Catch-22 by Joseph Heller: Book Review

Catch-22 by Joseph Heller Book Cover

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Catch-22 Book Cover

4 Stars

This is the story of Captain Yossarian, who is serving in World War II as a navigator on a bomber based in Italy. Yossarian is caught in a “Catch-22” where he wants to be grounded, but he can only get out of flying more missions if he’s crazy, but if he was crazy, he wouldn’t mind flying missions.

The book really skips around, so that you’re never quite sure whether you’re reading something that happened in the past, or if the story has now moved forward from the beginning point. But it’s not really confusing, it all does make some sort of sense in the end. Don’t let the whole “World War II bomber” thing mislead you. The book is generally one big farce, that, to me, has an underlying theme about the absurdity of war.

I read this when I was a senior in high school. I remember enjoying it then, and I enjoyed it this time. It was a little bit of a different experience this time around. The first time I had no idea what to expect, so the humor was generally more humorous and the suddenly serious parts were definitely more of a slap in the face. This time, I have a few more years on me, so I can appreciate the frustration of bureaucracies and “superiors” who don’t have any idea what they’re doing. And, knowing what it was that broke Yossarian gave everything a little bit of a different feel.

There was one part that just went on too long. It moved past funny and got into tiresome.

Other than that, I just loved it.

Reviewed December 6, 2007 and slightly revised September 24, 2010

Banned Books Week Poster
According to the American Library Association website, Catch-22 was “banned in Strongsville, OH (1972), but the school board’s action was overturned in 1976 by a U.S. District Court in Minarcini v. Strongsville City School District. Challenged at the Dallas, TX Independent School District high school libraries (1974); in Snoqualmie, WA (1979) because of its several references to women as ‘whores.'”

Okay, that was a while ago, but I can’t imagine that people have changed that much. Do I object to the word whore? Yes. Do people say it? Yes. I’m guessing that soldiers in WWII probably threw it around pretty easily.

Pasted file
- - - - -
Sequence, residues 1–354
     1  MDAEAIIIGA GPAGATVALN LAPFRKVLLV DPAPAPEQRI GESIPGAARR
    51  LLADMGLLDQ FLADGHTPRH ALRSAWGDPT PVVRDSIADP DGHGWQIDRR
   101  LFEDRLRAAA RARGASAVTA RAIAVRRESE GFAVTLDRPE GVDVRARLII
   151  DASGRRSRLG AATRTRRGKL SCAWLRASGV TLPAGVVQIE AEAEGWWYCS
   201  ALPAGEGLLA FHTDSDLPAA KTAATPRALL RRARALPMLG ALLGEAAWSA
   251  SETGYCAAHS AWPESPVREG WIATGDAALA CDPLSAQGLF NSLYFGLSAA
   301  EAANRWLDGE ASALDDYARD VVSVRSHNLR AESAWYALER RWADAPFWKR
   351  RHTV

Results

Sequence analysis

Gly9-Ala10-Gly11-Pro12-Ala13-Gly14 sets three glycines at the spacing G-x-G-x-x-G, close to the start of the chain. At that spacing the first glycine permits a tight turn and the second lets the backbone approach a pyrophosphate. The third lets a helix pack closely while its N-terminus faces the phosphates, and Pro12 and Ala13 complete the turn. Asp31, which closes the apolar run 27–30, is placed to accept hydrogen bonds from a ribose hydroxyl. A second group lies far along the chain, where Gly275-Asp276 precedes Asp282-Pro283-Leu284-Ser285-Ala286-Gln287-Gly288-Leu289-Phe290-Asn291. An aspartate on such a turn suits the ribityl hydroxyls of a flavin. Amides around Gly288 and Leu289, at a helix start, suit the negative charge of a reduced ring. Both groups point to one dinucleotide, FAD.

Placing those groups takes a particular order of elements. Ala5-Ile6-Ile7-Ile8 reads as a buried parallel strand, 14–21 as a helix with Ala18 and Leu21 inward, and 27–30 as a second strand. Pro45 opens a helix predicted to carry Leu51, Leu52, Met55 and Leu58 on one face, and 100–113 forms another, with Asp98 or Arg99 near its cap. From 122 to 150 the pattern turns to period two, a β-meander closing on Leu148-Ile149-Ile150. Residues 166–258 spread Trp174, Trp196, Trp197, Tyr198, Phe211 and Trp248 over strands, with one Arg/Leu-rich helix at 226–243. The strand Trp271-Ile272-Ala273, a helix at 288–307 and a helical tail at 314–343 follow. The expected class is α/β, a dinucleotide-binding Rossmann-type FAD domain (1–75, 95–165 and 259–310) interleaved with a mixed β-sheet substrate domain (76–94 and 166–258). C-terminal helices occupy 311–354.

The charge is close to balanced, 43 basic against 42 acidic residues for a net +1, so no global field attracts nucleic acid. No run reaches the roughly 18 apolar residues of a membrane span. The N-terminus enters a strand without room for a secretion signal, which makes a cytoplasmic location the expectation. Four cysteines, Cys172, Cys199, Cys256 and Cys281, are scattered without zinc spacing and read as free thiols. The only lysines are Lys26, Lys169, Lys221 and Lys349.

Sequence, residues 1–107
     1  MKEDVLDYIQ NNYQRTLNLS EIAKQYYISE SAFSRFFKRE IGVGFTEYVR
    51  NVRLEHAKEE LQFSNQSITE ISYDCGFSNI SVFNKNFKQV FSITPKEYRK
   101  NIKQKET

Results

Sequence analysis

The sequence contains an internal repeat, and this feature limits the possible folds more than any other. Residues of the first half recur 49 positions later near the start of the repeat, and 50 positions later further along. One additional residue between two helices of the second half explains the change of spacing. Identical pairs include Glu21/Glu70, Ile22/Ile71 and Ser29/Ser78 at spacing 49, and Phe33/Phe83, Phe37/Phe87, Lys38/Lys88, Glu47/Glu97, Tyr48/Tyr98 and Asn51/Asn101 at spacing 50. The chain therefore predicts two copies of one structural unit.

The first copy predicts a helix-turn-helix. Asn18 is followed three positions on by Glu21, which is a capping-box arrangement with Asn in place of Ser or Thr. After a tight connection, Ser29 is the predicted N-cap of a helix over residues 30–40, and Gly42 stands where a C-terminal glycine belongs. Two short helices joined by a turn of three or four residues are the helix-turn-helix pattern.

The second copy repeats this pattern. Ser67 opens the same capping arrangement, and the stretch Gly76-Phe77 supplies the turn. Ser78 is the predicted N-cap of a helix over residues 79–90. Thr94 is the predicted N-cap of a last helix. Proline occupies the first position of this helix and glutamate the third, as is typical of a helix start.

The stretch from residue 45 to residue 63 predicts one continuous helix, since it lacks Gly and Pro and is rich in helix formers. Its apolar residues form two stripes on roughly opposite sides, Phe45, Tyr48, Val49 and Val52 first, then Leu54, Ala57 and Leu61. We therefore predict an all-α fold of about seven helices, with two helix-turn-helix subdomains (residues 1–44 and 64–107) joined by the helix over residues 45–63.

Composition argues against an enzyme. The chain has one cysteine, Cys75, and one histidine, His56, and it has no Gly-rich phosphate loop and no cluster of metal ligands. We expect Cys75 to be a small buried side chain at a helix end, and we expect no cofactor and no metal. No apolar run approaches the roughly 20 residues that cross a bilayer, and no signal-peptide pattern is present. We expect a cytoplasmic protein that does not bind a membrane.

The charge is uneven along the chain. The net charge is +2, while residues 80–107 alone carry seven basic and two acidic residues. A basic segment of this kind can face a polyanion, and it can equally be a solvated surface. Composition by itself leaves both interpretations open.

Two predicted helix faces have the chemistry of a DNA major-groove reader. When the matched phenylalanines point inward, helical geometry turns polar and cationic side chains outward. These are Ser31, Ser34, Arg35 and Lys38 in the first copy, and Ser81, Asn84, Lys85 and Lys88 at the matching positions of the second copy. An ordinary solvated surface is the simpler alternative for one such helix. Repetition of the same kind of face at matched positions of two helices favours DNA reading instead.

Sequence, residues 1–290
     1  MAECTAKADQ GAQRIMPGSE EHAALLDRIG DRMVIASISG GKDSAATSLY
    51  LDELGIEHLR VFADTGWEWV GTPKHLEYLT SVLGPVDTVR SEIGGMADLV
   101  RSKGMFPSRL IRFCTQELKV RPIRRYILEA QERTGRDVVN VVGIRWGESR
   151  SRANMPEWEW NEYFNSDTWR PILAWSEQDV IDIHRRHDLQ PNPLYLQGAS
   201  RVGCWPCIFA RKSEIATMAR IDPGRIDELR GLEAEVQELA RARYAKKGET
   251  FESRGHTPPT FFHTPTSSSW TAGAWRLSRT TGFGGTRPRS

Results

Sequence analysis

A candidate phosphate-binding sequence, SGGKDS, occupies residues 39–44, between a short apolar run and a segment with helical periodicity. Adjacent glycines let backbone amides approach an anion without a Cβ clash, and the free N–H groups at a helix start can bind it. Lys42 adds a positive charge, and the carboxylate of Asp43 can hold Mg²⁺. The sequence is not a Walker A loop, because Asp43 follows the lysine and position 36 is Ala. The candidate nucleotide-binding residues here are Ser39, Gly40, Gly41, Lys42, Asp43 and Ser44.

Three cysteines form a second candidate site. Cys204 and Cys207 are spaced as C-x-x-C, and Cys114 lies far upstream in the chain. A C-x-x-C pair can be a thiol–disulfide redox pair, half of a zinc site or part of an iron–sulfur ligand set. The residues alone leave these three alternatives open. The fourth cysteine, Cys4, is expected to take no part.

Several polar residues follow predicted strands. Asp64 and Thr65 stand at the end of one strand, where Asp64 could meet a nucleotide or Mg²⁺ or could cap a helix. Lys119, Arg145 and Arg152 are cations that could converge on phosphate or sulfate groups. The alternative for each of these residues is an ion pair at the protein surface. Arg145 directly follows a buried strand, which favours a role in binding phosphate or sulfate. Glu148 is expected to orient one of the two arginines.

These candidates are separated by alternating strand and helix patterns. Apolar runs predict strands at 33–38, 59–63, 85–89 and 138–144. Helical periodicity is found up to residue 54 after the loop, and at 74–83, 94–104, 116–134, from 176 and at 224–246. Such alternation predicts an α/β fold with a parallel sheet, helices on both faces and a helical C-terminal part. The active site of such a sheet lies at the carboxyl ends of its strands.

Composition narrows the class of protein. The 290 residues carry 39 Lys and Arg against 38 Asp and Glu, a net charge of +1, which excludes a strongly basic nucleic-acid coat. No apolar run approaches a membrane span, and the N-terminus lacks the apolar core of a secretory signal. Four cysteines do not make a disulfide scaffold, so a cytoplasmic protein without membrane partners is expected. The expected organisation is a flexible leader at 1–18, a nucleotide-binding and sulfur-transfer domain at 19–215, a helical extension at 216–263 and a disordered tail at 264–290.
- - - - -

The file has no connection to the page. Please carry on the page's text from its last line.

You can’t sugarcoat people and still try to make the point that Heller was making with this book. He needed to put us in the war with his characters, and to do that he needed to reflect their experiences. He was a WWII vet himself, so he knew what he was writing about.

Life isn’t always pretty and politically correct, and our books have to reflect that sometimes.

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  1. i literally JUST had this book in my hand at a tag sale in vermont over the weekend…and i put it down! argh. i 'read' it while in high school but know that i need to give it another chance. i can't believe i passed it by only to read about it online the next day! typical. thanks for the review. 🙂 you've inspired me to give it another try.

  2. I have had this on my owned TBR forever!

    I tried reading Catch 22 in high school, but could never really get through it.

    Maybe this will be the year I actually read it, your review is quite convincing after all!

  3. Great review! I started reading this a few years ago and for some reason got distracted from it, although I remember enjoying the third or so I did read. I must start it again sometime and this time actually finish it lol.

    Regarding the reason behind the ban on this book, I agree that while certain words can be offensive, people do use them and books need to be realistic in this way.

  4. I can imagine this book getting banned. I object strongly to the word 'whore' but the reality is that people still use that word excessively and women still get called that for any or no reason. Like you said, life is not always pretty. The earlier people accept it, the better.

    I haven't read this one to-date, but I love the title and how it spawned a whole new phrase that stuck! Looking forward to it.

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